How to get from Lake Atitlan to Utila: A Guide

Getting from Lake Atitlan, Guatemala to Utila, Honduras was no walk in the park but after some very good research on James’ behalf we got there in one piece over two days, saving boatloads of money avoiding flights and/or shuttles.

There’s a twice weekly shuttle from Antigua, Guatemala to La Ceiba, Honduras (where you catch the ferry onwards for Utila and Roatan), but this leaves at 2:00am (therefore requiring an overnight stay in Antigua).

Alternatively, in Antigua there are also shuttles (and bus connections through Hedman Alas) that will take you to Copan, Honduras, where you can overnight before catching an onward shuttle to La Ceiba, but again, these typically leave too early to make the three to four hour connection from Lake Atitlan on the same day.

We decided to overnight in Puerto Barrios as it was accessible in one day from Panajachel with late bus connections from Guatemala City, and is relatively close to San Pedro Sula, Honduras in order to connect onwards to La Ceiba in time for the 4:40pm ferry to Utila.

Jump down to the bottom of this post to see the quick step-by-step guide and costs for everything.

Day One: Panajachel to Guatemala City

Cost: 10Q (5Q each) for tuk tuk to Panajachel “bus stop”, 35Q each for chicken bus, 30Q (15Q each) for taxi from Zone 8 to Zone 1

Time: Approximately three and a half hours

We opted to take a chicken bus from Panajachel (Pana as referred to by locals) to Guatemala City to save a little money (and time, as it turns out, since they absolutely gun it) but it was unclear on where to catch it (and if there even was a single chicken bus that went all the way to Guatemala City).

We took a tuk tuk into the main part of town since our hotel was a little out of the way, and asked our driver to take us to the buses for Guatemala City. The driver took us to Comercial El Dorado, a small coffee shop on the tourist strip, where there was a man in a navy ballcap who seemed to be the authority on all things chicken bus. He told us to wait with our bags and called over to let us know when the bus we needed to catch was approaching. We were at the bus stop before 7:00am as we weren’t sure what time the bus would come; the bus man told us the bus would be coming at 7:15am but in reality it was closer to 8:00am.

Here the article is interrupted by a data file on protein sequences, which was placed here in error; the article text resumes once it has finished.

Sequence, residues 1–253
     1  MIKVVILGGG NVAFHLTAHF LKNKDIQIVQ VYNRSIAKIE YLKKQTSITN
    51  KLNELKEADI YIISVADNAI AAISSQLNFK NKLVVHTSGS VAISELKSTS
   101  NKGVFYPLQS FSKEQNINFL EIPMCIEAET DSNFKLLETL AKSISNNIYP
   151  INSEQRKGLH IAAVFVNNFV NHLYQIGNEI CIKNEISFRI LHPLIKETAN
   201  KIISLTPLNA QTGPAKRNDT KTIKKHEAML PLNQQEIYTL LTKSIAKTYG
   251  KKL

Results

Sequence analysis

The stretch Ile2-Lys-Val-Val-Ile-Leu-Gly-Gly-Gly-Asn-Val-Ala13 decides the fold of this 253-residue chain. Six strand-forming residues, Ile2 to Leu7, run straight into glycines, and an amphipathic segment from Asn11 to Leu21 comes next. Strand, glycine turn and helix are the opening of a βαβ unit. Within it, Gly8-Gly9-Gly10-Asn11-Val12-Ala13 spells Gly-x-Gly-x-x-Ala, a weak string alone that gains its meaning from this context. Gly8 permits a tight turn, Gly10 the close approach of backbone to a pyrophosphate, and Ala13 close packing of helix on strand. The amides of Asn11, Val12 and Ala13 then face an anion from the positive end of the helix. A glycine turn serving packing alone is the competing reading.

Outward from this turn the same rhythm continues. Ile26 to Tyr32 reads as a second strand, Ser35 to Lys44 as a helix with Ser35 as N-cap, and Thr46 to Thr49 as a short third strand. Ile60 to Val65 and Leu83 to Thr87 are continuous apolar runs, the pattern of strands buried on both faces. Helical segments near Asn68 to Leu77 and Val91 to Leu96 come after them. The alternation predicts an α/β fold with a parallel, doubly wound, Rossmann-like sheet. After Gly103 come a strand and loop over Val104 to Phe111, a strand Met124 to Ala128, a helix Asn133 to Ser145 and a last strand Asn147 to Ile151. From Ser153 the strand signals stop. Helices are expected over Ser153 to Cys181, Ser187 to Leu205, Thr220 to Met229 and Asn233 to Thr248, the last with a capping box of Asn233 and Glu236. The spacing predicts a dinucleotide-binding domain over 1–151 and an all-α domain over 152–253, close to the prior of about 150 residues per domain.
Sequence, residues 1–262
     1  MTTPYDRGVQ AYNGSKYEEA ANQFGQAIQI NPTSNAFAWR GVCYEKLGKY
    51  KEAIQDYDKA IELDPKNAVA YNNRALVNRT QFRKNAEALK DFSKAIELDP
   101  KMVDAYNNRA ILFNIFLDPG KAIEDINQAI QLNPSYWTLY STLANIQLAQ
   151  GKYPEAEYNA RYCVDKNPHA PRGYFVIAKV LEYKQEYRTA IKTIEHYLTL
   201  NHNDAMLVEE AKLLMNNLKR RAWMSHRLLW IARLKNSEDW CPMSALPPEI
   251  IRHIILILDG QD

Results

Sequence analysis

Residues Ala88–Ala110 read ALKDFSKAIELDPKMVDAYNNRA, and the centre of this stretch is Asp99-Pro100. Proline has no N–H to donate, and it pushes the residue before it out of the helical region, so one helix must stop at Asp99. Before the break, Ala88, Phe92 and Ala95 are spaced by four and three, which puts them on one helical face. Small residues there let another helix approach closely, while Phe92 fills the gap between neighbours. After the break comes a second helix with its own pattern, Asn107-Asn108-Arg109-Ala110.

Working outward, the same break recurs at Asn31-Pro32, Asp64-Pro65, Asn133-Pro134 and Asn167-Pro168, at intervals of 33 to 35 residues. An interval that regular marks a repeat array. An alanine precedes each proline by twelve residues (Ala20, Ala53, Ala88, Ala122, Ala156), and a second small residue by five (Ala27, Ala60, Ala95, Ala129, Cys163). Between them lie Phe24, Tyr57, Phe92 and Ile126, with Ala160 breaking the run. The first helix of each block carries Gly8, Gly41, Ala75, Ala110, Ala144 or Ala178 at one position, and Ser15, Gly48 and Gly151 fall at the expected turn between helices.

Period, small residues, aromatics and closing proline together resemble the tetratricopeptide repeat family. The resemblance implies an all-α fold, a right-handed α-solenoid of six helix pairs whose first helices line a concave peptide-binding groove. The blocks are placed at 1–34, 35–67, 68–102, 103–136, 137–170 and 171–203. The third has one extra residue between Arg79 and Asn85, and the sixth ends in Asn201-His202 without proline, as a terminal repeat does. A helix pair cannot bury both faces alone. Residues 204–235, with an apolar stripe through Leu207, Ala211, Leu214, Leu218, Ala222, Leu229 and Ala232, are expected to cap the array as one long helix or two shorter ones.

When the bus made its final stop in Guatemala City, we weren’t really sure where we were. And looking at Google Maps we were actually in Zone 8 and not Zone 1 (where we assumed the bus would drop everyone). It wasn’t a big deal – we caught a taxi to the Litegua Bus Terminal. Sadly, we had just missed the 11:00am bus, but there was one leaving at 12:30pm so we got tickets for that one and waited (the last bus is around 7:00pm). James found a taco vendor just outside the bus stop so we also managed to get some lunch.

Day One: Guatemala City to Puerto Barrios

Cost: 100Q each for bus from Guatemala City to Puerto Barrios

Time: Approximately eight hours

The bus to Puerto Barrios took FOR-EV-ER! We knew it would take at least five hours (according to Google) but it actually took eight. We had to take a shuttle bus to another Litegua Terminal outside the city centre and transfer, which took a bit of time, and then there was construction which had us at pretty much a standstill for an hour. We also stopped for a 20-30 minute break – which I was initially annoyed at until I realized they had frozen yogurt. It was 8:30pm by the time we arrived, tired and without a place to stay. James had saved a few potential options on his phone and we headed to the one with the best reviews (Hotel Europe 2). They charged an obscene amount – $26 AU or 150 GTQ – for a very basic room that had stains on the ceiling and spiders in the bathroom. But, whatever – we were tired and just wanted a place to sleep. There were a few hawkers at the Litegua bus station offering rooms – next time I would have just checked those out.

Day Two: Puerto Barrios to San Pedro Sula

Cost: 25Q each for the collectivo to the border, $3 US each Honduras entrance fee, 70 HNL each for the collectivo to Puerto Cortes, Honduras, 52 HNL each for the collectivo to San Pedro Sula, Honduras

Time: Approximately four hours

The next morning, we were out of our hotel just before 6:00am and asked the owner where we should go to catch the bus to Honduras. He pointed us in the general direction, and when we got closer we asked someone else (one block north of the Litegua bus stop, on Calle 6a). Then a man started yelling “Honduras! Honduras!” and we headed over to that shuttle. We made it to the border by 7:00am, and crossed with ease. Note that you no longer need to stop at a Guatemala border post, and get back on the collectivo to Honduras, it is now a single border office.

Once on the other side, we exchanged some money knowing that we would need to pay cash for the rest of the bus rides that day (at a horrible $1 US to 21 HNL rate – when the going rate in Utila is $1 US to 23 HNL). We saw a few buses and asked if they were going to San Pedro. None were going direct, but we could transfer in Puerto Cortes, which we knew was a possibility based on some of the blogs James read.

We arrived in Puerto Cortes an hour later, and were immediately shuffled across the street and put into another identical looking shuttle bus heading toward San Pedro. It really couldn’t have been easier – the bus assistant even carried our bags and blocked traffic for us to cross the street.

Day Two: San Pedro Sula to La Ceiba (and Utila Ferry)

Cost: 110 HNL each for the bus ticket to La Ceiba, 70 HNL (35 HNL each) for the taxi from the highway to the ferry dock, $25 US each for the one-way ferry ticket to Utila